Individual study: Turf transplants for restoration of alpine vegetation: does size matter?
Aradottir A.L. (2012) Turf transplants for restoration of alpine vegetation: does size matter? Journal of Applied Ecology, 49, 439-446
This study is summarised as evidence for the intervention(s) shown on the right. The icon shows which synopsis it is relevant to.
A randomized, replicated, controlled study from 2007 to 2009 at two sites in southern Iceland (Aradottir et al. 2012) found that transplanting turf from heathland sites to unvegetated sites had a mixed effect on number of plant species, and the cover of shrubs and grass. After two years, when transplanted turf sizes were larger than 20 cm x 20 cm, the number of plant species was higher in areas with transplanted turf (7 species/plot) than in untreated areas (2 species/plot), but not when turf sizes were smaller (3 species/plot). The cover of shrubs increased when turf was larger than 30 cm x 30 cm (to 1% cover) relative to untreated controls (0%), but not when turf sizes were smaller (0%). Grass cover increased when turf was larger than 30 cm x 30 cm (to 2%) compared to untreated controls (0–1%), but not when turf were smaller than 20 cm x 20 cm. Two unvegetated sites were established in 2007. At one site all vegetation had been removed, while the other site was a roadside verge covered with gravel. At each site turf from a nearby dwarf shrub heathland was planted in 40 randomly located 2 m2 plots using different sizes of turf (8 plots for each turf size), with eight further plots left untreated. Vegetation cover of all plant species was recorded yearly between June and August in each 2 m2 plot.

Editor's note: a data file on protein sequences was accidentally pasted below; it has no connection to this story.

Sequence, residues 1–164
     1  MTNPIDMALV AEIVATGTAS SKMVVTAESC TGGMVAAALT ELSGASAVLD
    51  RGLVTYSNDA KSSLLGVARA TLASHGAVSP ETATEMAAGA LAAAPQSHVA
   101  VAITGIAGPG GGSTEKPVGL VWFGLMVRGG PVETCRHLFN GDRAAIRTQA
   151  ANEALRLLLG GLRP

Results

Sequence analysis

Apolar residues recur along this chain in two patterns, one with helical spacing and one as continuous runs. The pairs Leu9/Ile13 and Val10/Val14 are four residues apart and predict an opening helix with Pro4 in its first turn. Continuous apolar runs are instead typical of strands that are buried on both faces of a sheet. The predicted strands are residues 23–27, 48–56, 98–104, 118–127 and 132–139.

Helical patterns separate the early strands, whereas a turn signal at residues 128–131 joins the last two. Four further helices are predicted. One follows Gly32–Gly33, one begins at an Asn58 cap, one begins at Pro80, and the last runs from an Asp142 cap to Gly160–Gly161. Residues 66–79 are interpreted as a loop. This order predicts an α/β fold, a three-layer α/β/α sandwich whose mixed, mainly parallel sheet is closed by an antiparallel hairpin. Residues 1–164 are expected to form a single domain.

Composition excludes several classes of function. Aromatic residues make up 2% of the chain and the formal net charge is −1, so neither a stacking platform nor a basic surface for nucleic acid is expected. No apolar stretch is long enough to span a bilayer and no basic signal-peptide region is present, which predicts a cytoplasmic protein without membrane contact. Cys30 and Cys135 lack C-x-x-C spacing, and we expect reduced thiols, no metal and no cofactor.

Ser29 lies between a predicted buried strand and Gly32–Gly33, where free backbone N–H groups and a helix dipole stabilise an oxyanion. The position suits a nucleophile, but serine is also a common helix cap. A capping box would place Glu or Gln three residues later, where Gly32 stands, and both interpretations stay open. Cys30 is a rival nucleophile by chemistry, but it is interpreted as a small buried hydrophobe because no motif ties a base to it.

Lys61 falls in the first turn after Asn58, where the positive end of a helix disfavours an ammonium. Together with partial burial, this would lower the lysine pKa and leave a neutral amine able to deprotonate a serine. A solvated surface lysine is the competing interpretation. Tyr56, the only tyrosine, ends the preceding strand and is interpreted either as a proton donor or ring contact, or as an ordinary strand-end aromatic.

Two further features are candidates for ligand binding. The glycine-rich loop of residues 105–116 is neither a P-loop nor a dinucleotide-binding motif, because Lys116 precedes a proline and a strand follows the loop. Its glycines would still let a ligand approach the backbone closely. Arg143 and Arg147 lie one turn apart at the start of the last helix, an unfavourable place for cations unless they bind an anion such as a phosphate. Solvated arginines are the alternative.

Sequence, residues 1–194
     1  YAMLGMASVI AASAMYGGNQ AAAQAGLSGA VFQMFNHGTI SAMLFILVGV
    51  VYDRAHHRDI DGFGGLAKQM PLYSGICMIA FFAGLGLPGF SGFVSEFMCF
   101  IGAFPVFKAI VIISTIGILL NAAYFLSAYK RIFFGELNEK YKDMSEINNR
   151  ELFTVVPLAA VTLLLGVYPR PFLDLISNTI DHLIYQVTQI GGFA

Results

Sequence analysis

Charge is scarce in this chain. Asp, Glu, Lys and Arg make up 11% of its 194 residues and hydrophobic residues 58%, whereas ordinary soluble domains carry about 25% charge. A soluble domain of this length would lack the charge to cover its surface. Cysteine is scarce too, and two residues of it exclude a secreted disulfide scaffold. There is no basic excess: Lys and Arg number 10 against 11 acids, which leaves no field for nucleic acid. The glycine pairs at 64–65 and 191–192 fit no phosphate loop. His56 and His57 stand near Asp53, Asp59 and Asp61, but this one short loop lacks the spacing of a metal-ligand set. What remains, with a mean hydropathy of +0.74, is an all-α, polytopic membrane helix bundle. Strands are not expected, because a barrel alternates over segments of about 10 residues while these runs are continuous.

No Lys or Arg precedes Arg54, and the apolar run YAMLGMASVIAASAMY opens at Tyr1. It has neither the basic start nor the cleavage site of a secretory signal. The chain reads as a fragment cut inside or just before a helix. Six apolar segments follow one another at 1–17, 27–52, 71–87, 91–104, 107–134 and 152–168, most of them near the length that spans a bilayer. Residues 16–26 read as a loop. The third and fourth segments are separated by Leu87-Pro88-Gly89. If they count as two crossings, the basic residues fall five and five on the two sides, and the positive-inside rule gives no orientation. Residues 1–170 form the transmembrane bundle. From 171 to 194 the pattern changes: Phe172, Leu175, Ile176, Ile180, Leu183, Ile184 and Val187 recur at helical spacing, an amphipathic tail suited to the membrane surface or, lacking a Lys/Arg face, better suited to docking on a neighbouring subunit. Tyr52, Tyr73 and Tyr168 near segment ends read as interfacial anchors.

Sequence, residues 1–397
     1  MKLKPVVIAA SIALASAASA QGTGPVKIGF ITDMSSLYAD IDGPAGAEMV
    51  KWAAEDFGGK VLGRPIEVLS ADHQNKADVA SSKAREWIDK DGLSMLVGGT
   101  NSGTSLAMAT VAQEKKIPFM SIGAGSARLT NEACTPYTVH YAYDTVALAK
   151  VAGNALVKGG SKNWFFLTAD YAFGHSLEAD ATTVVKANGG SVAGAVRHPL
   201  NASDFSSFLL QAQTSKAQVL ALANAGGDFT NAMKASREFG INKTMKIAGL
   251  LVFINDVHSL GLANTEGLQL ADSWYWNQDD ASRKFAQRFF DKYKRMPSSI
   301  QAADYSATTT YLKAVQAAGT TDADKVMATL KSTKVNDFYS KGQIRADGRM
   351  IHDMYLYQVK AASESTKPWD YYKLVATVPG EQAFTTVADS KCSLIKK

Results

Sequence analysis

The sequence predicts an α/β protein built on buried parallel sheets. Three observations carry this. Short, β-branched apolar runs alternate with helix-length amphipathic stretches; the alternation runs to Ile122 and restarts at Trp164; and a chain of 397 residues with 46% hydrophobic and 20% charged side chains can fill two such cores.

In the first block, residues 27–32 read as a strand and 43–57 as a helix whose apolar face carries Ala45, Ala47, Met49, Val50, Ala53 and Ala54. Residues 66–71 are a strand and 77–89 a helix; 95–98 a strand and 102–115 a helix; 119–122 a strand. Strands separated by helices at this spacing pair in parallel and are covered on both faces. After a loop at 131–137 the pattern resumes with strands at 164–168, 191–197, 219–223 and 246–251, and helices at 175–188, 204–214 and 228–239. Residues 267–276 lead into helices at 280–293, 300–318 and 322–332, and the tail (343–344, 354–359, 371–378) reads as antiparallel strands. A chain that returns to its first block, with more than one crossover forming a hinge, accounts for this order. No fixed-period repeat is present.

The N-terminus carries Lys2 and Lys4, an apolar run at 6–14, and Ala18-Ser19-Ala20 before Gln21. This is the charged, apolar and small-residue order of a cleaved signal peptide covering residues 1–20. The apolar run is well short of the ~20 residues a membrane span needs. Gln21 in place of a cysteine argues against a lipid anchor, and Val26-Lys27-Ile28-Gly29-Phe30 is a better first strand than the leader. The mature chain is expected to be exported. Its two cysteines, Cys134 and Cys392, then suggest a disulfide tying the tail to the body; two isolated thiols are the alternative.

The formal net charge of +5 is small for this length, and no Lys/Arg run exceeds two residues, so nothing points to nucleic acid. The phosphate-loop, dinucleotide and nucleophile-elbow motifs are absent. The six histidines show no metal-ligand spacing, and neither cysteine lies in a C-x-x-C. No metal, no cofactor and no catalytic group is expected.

(Summarised by Phil Martin)